Popular Sculpture Removed Following Hollywood Harassment Scandal

Did it represent Hollywood dreams—or sexual misconduct?
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If you’ve stopped by the Hollywood & Highland shopping center lately, you may have noticed something missing. The floor of the mall features an installation, “The Road to Hollywood,” that once ended at a fiberglass sculpture, often referred to as a “casting couch.” The couch was located on a second-floor balcony. Amid the recent Hollywood sexual harassment scandal, the couch has been quietly removed.

Representatives from the mall’s management told the Los Angeles Times that, “In light of current events we have deemed this component of ‘The Road to Hollywood’ to be insensitive and it has been removed from public display.”

“The Road to Hollywood” was created by local artist Erika Rothenberg—known for work that engages with provocative and political subjects, often from a feminist perspective—who told the Times she did not intend the sculpture as a “casting couch” in the lurid connotation of the term, but rather as a “daybed” on which visitors could sit and think about the dreams of would-be Hollywood stars. (As recently as September 24, Hollywood & Highland itself referred to the installation as a “casting couch” in a now-deleted Instagram post.) The rest of the mall-spanning work is comprised of a cement “red carpet” up the entry steps and a series of quotes embedded into the floor from those who have made it in the film industry.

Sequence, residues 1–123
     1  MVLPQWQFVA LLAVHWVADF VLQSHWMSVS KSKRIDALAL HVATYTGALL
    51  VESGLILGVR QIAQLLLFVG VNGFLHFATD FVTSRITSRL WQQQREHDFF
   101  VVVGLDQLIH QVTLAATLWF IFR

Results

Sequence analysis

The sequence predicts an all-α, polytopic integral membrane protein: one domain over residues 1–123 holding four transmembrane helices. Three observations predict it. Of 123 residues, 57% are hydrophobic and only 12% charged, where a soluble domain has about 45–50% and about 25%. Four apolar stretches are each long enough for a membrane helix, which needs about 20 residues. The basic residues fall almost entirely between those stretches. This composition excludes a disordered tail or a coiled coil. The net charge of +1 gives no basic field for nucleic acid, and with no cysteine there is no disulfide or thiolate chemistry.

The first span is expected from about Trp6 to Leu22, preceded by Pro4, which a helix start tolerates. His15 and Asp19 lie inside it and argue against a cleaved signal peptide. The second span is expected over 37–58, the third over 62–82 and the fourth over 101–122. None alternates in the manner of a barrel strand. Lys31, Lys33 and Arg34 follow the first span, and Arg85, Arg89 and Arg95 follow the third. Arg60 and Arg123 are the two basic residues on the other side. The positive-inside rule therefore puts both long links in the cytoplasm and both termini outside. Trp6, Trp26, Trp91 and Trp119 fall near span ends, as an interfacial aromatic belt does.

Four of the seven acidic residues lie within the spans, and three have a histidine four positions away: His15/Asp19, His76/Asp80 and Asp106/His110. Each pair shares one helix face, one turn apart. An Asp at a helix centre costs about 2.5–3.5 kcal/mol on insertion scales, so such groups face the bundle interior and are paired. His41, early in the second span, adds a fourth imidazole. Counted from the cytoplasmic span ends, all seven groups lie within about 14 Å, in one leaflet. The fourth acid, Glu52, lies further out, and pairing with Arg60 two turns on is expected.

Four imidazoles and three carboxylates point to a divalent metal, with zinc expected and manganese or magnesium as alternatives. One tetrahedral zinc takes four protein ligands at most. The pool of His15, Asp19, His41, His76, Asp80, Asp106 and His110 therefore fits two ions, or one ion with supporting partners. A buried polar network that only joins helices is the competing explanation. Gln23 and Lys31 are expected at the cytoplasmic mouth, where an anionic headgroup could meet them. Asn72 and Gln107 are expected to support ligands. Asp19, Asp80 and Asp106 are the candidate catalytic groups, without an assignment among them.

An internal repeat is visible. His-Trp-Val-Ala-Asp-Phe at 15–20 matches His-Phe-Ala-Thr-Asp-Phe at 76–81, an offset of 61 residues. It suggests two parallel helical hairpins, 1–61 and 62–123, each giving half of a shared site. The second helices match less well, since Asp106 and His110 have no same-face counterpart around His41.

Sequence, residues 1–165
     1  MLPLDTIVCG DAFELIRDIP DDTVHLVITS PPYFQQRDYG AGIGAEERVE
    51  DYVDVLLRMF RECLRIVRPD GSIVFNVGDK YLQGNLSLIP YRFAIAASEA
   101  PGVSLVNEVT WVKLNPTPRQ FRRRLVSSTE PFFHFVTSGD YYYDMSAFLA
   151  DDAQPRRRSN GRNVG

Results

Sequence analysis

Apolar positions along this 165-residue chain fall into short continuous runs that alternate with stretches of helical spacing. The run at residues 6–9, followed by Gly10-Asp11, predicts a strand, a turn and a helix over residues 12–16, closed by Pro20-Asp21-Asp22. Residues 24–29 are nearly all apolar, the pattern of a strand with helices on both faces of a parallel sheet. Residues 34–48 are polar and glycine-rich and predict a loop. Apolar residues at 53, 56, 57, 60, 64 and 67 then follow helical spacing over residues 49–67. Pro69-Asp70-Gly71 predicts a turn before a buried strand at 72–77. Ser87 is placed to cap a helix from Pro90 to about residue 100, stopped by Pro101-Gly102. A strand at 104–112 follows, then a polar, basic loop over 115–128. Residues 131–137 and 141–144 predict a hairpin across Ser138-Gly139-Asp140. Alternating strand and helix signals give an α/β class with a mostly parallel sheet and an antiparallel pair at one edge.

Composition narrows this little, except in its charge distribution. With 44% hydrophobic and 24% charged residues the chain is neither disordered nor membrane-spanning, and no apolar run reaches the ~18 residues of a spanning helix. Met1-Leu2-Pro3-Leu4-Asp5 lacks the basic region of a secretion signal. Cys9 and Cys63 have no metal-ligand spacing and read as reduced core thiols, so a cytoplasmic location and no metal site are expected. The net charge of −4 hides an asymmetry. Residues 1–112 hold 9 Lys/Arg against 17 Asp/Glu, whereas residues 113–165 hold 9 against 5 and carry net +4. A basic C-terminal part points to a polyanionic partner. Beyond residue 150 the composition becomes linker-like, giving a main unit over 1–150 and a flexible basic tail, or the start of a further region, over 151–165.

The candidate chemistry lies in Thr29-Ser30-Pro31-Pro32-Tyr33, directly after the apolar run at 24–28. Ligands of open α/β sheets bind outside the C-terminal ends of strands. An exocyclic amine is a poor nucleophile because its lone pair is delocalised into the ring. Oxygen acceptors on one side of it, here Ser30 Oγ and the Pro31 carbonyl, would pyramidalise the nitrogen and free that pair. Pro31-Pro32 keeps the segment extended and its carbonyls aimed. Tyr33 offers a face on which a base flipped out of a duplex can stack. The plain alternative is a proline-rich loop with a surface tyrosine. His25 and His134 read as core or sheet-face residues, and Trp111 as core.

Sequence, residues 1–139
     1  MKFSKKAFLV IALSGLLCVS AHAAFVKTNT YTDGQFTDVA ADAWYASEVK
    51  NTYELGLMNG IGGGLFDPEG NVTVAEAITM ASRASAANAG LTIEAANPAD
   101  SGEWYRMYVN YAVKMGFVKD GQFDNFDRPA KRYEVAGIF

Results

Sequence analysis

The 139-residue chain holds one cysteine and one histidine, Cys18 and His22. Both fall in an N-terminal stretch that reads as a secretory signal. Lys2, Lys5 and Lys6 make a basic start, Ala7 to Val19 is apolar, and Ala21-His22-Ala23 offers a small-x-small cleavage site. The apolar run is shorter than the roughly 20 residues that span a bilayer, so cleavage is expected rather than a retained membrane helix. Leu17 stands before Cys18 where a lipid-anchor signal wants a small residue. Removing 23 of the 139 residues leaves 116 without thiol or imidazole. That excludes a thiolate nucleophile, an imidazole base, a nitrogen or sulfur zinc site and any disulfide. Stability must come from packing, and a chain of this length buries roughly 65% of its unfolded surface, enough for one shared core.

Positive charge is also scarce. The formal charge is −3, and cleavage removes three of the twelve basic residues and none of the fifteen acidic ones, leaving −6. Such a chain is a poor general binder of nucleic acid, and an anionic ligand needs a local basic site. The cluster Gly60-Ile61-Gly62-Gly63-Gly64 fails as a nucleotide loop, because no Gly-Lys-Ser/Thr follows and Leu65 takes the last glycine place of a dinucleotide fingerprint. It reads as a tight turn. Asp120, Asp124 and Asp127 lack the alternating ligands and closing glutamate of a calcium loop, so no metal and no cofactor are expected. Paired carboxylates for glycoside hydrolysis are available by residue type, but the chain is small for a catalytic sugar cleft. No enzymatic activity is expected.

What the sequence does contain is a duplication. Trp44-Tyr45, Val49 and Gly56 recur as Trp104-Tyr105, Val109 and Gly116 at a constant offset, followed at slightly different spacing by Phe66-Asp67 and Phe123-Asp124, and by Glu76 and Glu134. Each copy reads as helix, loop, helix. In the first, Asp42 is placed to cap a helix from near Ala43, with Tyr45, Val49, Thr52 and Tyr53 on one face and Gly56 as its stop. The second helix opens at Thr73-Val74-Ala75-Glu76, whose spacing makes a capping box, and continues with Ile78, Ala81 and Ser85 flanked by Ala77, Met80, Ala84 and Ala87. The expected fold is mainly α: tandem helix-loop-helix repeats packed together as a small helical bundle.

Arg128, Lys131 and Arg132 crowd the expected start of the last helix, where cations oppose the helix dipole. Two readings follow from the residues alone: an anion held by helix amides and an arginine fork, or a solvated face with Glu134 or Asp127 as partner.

Nonetheless, with the misconduct of Harvey Weinstein and other powerful men in the industry in the news, the couch took on a very different implication for some viewers. Melissa McEwan, of the influential feminist blog Shakesville, wrote about the growing concerns around the sculpture, and rallied for protest against the couch. McEwan writes that she called Hollywood & Highland management in mid-October to discuss removal of the piece, which she interpreted as an acknowledgement of harassment and rape culture in the entertainment industry. Shortly thereafter, the couch was taken off display.

The artist Rothenberg is understanding of how recent news changed the perception of her work. “I get it,” she said to the Times, “Abuse by the powerful is real.”


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